In-situ optical techniques offer one of the most attractive options for measuring species concentration and spatial distribution profiles in reacting environments, such as flames. The generally non-intrusive nature and spatial resolution of these techniques are now preferred over on extractive sampling, followed by analysis using techniques such as gas chromatography. In this thesis two laser absorption measurement techniques are applied to measure the soot distribution, and acetylene concentration profiles in a flat-flame burner. The in-situ measurement of the distribution of particulate matter in flames is a key step in understanding the mechanism of its formation. Most in-situ measurement systems for this purpose are based on laser induced incandescence where particles are heated using high power laser sources and the increased incandescence emission of the soot particles is detected. However as the soot cools by heat transfer to the surrounding gas, following laser heating, the pressure of the gas is increased creating an acoustic effect. Photoacoustic detection has been applied to quantify low concentrations of particulate matter in ambient air but there have been few applications of photoacoustic detection to the in-situ measurement of particulate matter formation in combustion processes. A novel simple approach using a modulated continuous wave diode laser is presented in this thesis. The measurements taken using this new technique are compared to measurements of the visible emission from the flame, and previous soot distribution measurements using laser induced incandescence. Absorption spectroscopy using near-infrared tunable diode lasers has been applied to measure species in several harsh environments such as aero-engine exhaust plumes, flames, and other industrial processes.Simple single pass absorption techniques are not always suitable for this purpose due to the low absorption of the target species, either due to low concentration or weak absorption line-strength at high temperatures. One method to increase the sensitivity of such techniques is by using cavity enhanced methods which increase the effective path length of the laser through the absorbing medium. One such cavity enhanced method is Cavity Ring-Down Spectroscopy (CRDS). CRDS uses a cavity constructed of highly reflecting mirrors, laser light is then coupled into this cavity and absorption measurements can be evaluated from the decay rate of light from the cavity. The design and, novel application of continuous wave CRDS to measure the concentration profile of acetylene in the flat-flame burner is presented. Difficulties in deriving an absolute acetylene concentration from the measured ringdown times were encountered due to the large number of interfering features. Serveral fitting and extraction techniques are applied and compared to attempt to overcome these difficulties.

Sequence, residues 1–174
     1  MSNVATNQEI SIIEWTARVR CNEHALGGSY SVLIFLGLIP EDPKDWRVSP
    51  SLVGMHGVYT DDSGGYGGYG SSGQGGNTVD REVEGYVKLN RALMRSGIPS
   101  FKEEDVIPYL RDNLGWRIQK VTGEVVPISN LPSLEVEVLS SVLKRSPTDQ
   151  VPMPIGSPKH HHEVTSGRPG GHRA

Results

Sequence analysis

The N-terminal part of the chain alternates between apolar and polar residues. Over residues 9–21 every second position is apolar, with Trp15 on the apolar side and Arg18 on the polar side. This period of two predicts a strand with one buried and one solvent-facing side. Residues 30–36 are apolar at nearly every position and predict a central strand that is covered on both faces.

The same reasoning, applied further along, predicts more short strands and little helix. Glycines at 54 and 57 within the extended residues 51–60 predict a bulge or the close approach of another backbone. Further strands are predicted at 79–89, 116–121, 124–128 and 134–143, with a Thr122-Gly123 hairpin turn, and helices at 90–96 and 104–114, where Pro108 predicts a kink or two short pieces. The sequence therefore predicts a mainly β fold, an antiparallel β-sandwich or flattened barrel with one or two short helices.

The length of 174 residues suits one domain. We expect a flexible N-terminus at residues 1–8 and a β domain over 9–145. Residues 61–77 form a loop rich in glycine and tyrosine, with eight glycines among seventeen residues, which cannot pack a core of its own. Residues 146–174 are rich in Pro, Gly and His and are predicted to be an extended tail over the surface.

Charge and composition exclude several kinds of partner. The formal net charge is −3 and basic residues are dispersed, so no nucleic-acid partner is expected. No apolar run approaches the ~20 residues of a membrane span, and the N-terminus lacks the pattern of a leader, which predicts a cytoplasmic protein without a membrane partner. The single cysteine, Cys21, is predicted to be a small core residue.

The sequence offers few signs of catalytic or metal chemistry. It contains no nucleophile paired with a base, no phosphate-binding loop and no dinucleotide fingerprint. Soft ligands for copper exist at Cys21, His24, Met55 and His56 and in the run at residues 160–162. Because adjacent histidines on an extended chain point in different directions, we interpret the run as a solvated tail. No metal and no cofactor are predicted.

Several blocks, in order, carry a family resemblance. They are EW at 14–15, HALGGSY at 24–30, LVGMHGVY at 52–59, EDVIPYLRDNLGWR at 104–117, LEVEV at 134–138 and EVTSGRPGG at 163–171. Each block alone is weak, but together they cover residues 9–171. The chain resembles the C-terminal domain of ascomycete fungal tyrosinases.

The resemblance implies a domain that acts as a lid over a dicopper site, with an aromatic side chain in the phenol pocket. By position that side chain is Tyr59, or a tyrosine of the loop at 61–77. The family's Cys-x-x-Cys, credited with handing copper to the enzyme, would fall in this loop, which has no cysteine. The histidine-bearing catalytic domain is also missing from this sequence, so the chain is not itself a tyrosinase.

|Date of Award||1 Apr 2016|
- University Of Strathclyde
|Sponsors||EPSRC (Engineering and Physical Sciences Research Council) & University of Strathclyde|
|Supervisor||Michael Lengden (Supervisor) & Iain Burns (Supervisor)|